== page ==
Fifty-two years ago, I was completing a required high school course called “Americanism vs. Communism” at my segregated high school, Forest Hill in West Palm Beach. I now read that our governor, Ron DeSantis, signed a bill into law recently that mandates teaching about the “victims of communism.” I guess that Mark Twain was right when he said that “history doesn’t repeat itself but it often rhymes.”
In hindsight, and at a less impressionable age, I realize the course I took was nothing less than naked propaganda due to anti-communist hysteria at the time. It was taught by a man, now deceased, who was ignorant of his subjects but charismatic. He spoke with such authority and without equivocation that most of his students thought he was omniscient and should run for president. He brought in the leader of the local branch of the John Birch Society and once told us he would not sell his house to a Black family because he “wouldn’t do that to his neighbors.”
Quotes from Karl Marx’s "Communist Manifesto" were the basis of the parts on communism, even though the then-communist regimes’ (the U.S.S.R., China and others) systems of government deviated widely from Marx’s formula. They were indeed repressive but that was not the point: America = virtuously moral; communism = evil.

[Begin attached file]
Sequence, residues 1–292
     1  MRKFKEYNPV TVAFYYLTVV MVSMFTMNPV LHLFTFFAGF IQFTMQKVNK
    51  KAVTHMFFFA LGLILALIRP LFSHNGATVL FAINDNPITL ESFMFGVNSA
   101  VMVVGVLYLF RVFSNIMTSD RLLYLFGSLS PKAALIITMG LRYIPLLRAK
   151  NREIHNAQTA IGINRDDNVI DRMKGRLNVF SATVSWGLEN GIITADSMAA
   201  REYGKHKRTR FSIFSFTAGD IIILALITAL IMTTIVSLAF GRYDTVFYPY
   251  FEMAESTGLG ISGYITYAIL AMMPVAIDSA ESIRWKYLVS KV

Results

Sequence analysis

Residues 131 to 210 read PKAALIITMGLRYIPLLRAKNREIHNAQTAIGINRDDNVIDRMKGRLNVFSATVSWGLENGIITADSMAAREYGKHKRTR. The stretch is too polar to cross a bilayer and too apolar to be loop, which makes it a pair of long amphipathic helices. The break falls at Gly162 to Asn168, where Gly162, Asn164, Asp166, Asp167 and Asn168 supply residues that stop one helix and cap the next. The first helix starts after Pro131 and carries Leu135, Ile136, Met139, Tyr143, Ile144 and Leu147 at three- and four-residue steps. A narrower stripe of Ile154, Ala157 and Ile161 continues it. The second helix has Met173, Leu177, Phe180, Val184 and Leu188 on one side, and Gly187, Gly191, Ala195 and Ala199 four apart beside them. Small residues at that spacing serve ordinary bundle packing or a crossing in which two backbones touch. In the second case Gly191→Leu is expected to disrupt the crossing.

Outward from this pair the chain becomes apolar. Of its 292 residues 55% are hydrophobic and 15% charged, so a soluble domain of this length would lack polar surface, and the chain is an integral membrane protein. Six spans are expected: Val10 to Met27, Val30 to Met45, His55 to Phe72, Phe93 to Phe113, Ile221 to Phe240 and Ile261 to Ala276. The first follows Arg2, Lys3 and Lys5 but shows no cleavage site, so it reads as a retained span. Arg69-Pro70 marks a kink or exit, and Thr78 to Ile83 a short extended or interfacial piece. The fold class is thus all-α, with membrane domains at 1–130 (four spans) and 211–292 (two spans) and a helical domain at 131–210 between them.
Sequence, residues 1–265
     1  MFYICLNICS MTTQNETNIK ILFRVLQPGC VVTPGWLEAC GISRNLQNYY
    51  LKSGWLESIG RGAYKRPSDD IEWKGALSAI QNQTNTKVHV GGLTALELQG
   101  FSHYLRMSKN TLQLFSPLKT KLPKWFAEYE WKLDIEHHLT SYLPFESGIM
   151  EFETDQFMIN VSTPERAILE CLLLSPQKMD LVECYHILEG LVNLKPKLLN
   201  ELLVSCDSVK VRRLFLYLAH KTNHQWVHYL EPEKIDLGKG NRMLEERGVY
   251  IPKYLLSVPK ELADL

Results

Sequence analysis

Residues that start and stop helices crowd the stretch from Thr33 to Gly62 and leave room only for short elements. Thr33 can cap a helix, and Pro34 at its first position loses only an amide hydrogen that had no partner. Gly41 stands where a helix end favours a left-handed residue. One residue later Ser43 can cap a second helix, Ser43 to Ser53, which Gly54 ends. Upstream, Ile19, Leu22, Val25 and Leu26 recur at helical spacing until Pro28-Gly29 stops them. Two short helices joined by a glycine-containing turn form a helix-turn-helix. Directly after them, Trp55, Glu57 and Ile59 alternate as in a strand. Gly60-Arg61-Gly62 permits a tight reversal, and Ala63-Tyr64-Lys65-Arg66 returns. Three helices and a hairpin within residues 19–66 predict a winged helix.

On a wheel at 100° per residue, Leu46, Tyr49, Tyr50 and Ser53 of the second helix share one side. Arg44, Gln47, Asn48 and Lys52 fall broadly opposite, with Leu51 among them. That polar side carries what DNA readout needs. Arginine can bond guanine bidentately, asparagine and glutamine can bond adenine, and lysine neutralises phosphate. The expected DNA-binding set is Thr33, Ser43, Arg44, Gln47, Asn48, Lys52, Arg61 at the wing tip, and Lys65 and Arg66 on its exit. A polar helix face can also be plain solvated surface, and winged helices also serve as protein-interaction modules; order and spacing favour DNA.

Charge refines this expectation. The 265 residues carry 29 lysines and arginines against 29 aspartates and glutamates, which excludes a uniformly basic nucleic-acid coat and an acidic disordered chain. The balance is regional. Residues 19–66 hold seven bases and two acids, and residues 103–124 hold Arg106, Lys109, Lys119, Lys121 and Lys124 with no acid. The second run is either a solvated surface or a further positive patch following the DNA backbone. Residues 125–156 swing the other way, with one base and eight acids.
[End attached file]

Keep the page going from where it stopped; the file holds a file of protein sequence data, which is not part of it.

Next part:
Our governor wants our children to learn of the “hundreds of millions of individuals who have suffered and continue to suffer” under communism. “Honoring the people that have fallen victim to communist regimes and teaching our students about those atrocities is the best way to ensure that history does not repeat itself,” the governor said last month.
This is rich, coming from a man who doesn’t want children to learn of the horrors of our history of slavery. After all, he signed a law that banned teaching critical race theory, which has never been taught at any public school in Florida. American history in Florida is being further sanitized (or should I say “whitewashed”?) before it reaches the public school classroom so it will not be “woke” and not hurt some white students’ feelings.
DeSantis could learn a few lessons in “Americanism,” just as my high school teacher could have. He should learn about the First Amendment, which protects Walt Disney’s right to free speech. It also protects the right to peaceably assemble, which DeSantis wanted to abridge after the George Floyd demonstrations.
The real threat to the ideals of Americanism, especially those in the Bill of Rights, is DeSantis’ shameless and unbridled ambition.
Richard Rampell is a retired certified public accountant in Palm Beach.
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This article originally appeared on Palm Beach Post: Richard Rampell: Gov. Ron DeSantis could learn a few lessons